Wednesday, March 23, 2011

Rhapsodic about the rapture

I don’t normally discuss dispensationalism, but this caught my eye:

The pastor’s assertion is problematic, because anyone who knows anything about Camping knows he came out of a Reformed background, and is a staunch amillennialist. I can recall him renouncing Dispensationalism when he was interviewed on that LA radio show.
I pointed out to the pastor that if one were to consider Camping’s hermeneutic, it is drawn from the same typological, Reformed Augustinianism that fuels the typical amillennial and postmillennial eschatology. It was certainly evident when Camping debated James White a year or more ago on the Iron Sharpens Iron program.
He claims Camping talks about the rapture, the end of the Church age, and the Great Tribulation, themes he says are only found among Dispensationalists. But just checking my Reformed systematic theologies I have, like Reymond and Berkhof for example, all of them believe in the rapture, the end of the Church age, and the Great Tribulation. They understand these concepts differently in their schemes than what is articulated by Dispensationalists.
Now. Just so I am clear. I am not saying all my Reformed brethren are on the brink everyday of becoming a nut like Camping because of their hermeneutic. I am just saying a heavy emphasis on spiritualizing texts lends itself easily to his way of thinking. And that can be found among Reformed folks just as it is among Dispensationalism.

A few comments:

i) While Camping used to be Reformed, he’s a civil engineer by training. To my knowledge, he never attended seminary.

Of course, it’s quite possible for a layman to have a sophisticated grasp of Reformed theology. But it’s not as if Camping was a theology prof., OT prof., NT prof., or church historian at a Reformed seminary.

ii) I admit I don’t have a systematic knowledge of Camping’s theology. This is the extent of my direct familiarity: I have a relative who used to donate to Family Radio. In return, donors receive a slim monthly periodical. As a result, I had frequent occasion to read his answers to Bible questions that subscribers wrote him.

As I recall, his hermeneutical approach was a pastiche of allegory, numerology, and word-studies based on running your index finger down a column of words in a concordance of the KJV, wherein you ascribe the same overloaded meaning to every occurrence of the same word (in English).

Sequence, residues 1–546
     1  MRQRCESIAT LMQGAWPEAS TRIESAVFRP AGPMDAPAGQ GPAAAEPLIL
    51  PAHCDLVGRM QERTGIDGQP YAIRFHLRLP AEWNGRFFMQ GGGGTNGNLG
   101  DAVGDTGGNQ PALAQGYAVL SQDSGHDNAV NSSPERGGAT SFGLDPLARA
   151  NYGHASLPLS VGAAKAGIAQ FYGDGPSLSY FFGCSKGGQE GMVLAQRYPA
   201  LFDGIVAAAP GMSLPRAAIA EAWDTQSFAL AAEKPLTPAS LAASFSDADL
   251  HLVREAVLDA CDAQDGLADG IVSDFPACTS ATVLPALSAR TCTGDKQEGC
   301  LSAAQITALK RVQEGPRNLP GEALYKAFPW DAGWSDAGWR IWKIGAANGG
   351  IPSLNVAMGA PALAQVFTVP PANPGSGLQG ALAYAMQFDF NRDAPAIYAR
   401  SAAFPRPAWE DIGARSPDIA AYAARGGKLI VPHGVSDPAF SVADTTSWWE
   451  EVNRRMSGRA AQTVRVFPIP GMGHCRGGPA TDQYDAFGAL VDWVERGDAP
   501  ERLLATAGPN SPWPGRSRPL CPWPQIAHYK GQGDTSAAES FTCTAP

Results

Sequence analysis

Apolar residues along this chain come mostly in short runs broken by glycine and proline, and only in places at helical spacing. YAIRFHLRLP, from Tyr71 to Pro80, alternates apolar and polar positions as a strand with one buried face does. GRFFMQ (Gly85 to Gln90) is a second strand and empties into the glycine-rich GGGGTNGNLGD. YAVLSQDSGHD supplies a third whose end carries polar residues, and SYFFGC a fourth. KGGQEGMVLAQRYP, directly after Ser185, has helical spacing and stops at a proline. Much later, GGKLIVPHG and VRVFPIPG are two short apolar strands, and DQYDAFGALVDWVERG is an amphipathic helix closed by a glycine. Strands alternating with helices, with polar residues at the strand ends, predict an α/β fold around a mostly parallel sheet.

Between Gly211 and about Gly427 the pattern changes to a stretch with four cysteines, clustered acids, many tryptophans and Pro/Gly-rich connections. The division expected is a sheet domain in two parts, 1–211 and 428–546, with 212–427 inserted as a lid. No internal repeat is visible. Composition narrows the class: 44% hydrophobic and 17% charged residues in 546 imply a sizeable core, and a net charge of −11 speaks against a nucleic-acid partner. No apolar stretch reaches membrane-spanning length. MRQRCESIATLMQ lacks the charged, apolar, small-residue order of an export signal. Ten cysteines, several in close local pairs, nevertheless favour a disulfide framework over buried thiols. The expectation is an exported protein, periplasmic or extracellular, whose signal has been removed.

Sorry, but I fail to see much resemblance between his hermeneutical approach and Reformed exegetes like Beale, Carson, Currid, Duguid, Hamilton, McComiskey, Poythress, Schreiner, Thielman, Waltke, &c.

iii) Brother Fred’s analysis also fails to distinguish between Reformed Bible scholars and Reformed systematic theologians. But if we’re discussing hermeneutics, and if we’re especially interested in prophetic fulfillment, shouldn’t we take exegetes like Beale, Poythress, and Robertson as our foil? These are Calvinists who specialize in exegesis, and also write about eschatology in their commentaries or monographs.

And even at the level of systematics, the late Anthony Hoekema marks a shift away from Augustinian “spiritualization.” Likewise, it won’t do to say that Poythress is “spiritualizing” the text when, in fact, he has a very earthly view of eschatological fulfillment:

“Response to Robert L. Saucy’s Paper,” Grace Theological Journal 10/2 (1989), 157-159.

Likewise, take Three Views on the New Testament Use of the Old Testament.

On the one hand, Peter Enns nominally represented the Reformed position. However, he was later fired on issues like this because his view of fulfillment reflected a serious deviation from the standard Reformed position.

On the other hand, Bock takes a more typological approach than Kaiser. Yet Bock is a leading dispensationalist.

“Spiritualize” may be a polemically effective battle cry to rally the troops, but it really needs to be retired in the interests of theological accuracy.

iv) In addition, as Brother Fred also knows, the eschatological options in Reformed theology aren’t limited to either amillennialism or postmillennialism. You can be a Reformed premil. I believe that Tom Schreiner, Jim Hamilton, and D. A. Carson are Reformed premils.

iv) Is there a distinctive Reformed hermeneutic in contrast to Dispensational hermeneutics? That’s not an easy line to draw.

a) To begin with, both contemporary Reformed exegetes and contemporary Dispensational exegetes employ the grammatico-historical method. So at that basal level there is no appreciable difference. They simply arrive at different conclusions.

b) Traditionally, there’s a difference between covenant theology and dispensationalism. However, the difference is more like a rugged coastline rather than a sharp straight line.

On the one hand you have progressive dispensationalism. Fred knows more about that than I do.

On the other hand, covenant theology ranges along a continuum.

1 comment:

  1. I count it a great honor to have received one of your rubber hose beatings.

    Thanks bro.